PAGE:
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9.1: The Structure of DNA - Biology

9.1: The Structure of DNA - Biology


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In the 1950s, Francis Crick and James Watson worked together at the University of Cambridge, England, to determine the structure of DNA. Other scientists, such as Linus Pauling and Maurice Wilkins, were also actively exploring this field. Pauling had discovered the secondary structure of proteins using X-ray crystallography. X-ray crystallography is a method for investigating molecular structure by observing the patterns formed by X-rays shot through a crystal of the substance. The patterns give important information about the structure of the molecule of interest. In Wilkins’ lab, researcher Rosalind Franklin was using X-ray crystallography to understand the structure of DNA. Watson and Crick were able to piece together the puzzle of the DNA molecule using Franklin's data (Figure 9.1.1). Watson and Crick also had key pieces of information available from other researchers such as Chargaff’s rules. Chargaff had shown that of the four kinds of monomers (nucleotides) present in a DNA molecule, two types were always present in equal amounts and the remaining two types were also always present in equal amounts. This meant they were always paired in some way. In 1962, James Watson, Francis Crick, and Maurice Wilkins were awarded the Nobel Prize in Medicine for their work in determining the structure of DNA.

Now let’s consider the structure of the two types of nucleic acids, deoxyribonucleic acid (DNA) and ribonucleic acid (RNA). The building blocks of DNA are nucleotides, which are made up of three parts: a deoxyribose (5-carbon sugar), a phosphate group, and a nitrogenous base (Figure 9.1.2). There are four types of nitrogenous bases in DNA. Adenine (A) and guanine (G) are double-ringed purines, and cytosine (C) and thymine (T) are smaller, single-ringed pyrimidines. The nucleotide is named according to the nitrogenous base it contains.

Figure 9.1.2: (a) Each DNA nucleotide is made up of a sugar, a phosphate group, and a base. (b) Cytosine and thymine are pyrimidines. Guanine and adenine are purines.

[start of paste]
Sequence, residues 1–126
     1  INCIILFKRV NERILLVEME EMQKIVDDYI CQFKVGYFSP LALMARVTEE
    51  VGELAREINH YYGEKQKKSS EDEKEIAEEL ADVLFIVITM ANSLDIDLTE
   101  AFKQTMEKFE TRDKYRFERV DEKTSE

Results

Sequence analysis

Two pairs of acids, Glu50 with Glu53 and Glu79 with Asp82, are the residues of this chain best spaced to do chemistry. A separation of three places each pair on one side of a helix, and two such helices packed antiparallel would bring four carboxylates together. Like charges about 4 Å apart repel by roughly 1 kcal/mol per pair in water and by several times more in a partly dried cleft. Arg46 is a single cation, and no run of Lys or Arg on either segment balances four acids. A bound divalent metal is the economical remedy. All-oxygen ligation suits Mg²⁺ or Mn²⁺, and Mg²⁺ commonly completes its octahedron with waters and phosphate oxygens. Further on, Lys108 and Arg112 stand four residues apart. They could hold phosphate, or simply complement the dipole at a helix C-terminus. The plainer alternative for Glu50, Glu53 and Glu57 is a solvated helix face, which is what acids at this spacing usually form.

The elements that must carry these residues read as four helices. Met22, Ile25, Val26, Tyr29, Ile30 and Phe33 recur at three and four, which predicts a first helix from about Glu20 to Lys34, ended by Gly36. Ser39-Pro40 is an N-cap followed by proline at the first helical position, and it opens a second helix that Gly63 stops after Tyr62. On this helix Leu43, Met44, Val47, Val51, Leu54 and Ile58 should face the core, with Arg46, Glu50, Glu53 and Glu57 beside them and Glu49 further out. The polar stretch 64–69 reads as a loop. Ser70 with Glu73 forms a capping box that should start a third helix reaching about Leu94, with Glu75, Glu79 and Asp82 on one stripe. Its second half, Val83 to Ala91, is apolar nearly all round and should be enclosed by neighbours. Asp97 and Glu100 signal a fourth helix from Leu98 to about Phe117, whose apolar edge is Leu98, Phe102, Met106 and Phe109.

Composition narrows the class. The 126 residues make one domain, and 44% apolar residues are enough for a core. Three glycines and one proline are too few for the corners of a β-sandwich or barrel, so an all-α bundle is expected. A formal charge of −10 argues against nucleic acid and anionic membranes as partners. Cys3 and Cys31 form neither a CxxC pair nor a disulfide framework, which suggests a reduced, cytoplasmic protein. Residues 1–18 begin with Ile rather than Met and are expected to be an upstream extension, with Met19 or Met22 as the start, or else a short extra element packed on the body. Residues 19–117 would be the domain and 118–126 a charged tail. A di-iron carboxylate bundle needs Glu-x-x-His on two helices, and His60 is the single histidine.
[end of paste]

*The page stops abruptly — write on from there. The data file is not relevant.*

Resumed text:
The phosphate group of one nucleotide bonds covalently with the sugar molecule of the next nucleotide, and so on, forming a long polymer of nucleotide monomers. The sugar–phosphate groups line up in a “backbone” for each single strand of DNA, and the nucleotide bases stick out from this backbone. The carbon atoms of the five-carbon sugar are numbered clockwise from the oxygen as 1', 2', 3', 4', and 5' (1' is read as “one prime”). The phosphate group is attached to the 5' carbon of one nucleotide and the 3' carbon of the next nucleotide. In its natural state, each DNA molecule is actually composed of two single strands held together along their length with hydrogen bonds between the bases.

Watson and Crick proposed that the DNA is made up of two strands that are twisted around each other to form a right-handed helix, called a double helix. Base-pairing takes place between a purine and pyrimidine: namely, A pairs with T, and G pairs with C. In other words, adenine and thymine are complementary base pairs, and cytosine and guanine are also complementary base pairs. This is the basis for Chargaff’s rule; because of their complementarity, there is as much adenine as thymine in a DNA molecule and as much guanine as cytosine. Adenine and thymine are connected by two hydrogen bonds, and cytosine and guanine are connected by three hydrogen bonds. The two strands are anti-parallel in nature; that is, one strand will have the 3' carbon of the sugar in the “upward” position, whereas the other strand will have the 5' carbon in the upward position. The diameter of the DNA double helix is uniform throughout because a purine (two rings) always pairs with a pyrimidine (one ring) and their combined lengths are always equal. (Figure 9.1.3).

The Structure of RNA

There is a second nucleic acid in all cells called ribonucleic acid, or RNA. Like DNA, RNA is a polymer of nucleotides. Each of the nucleotides in RNA is made up of a nitrogenous base, a five-carbon sugar, and a phosphate group. In the case of RNA, the five-carbon sugar is ribose, not deoxyribose. Ribose has a hydroxyl group at the 2' carbon, unlike deoxyribose, which has only a hydrogen atom (Figure 9.1.4).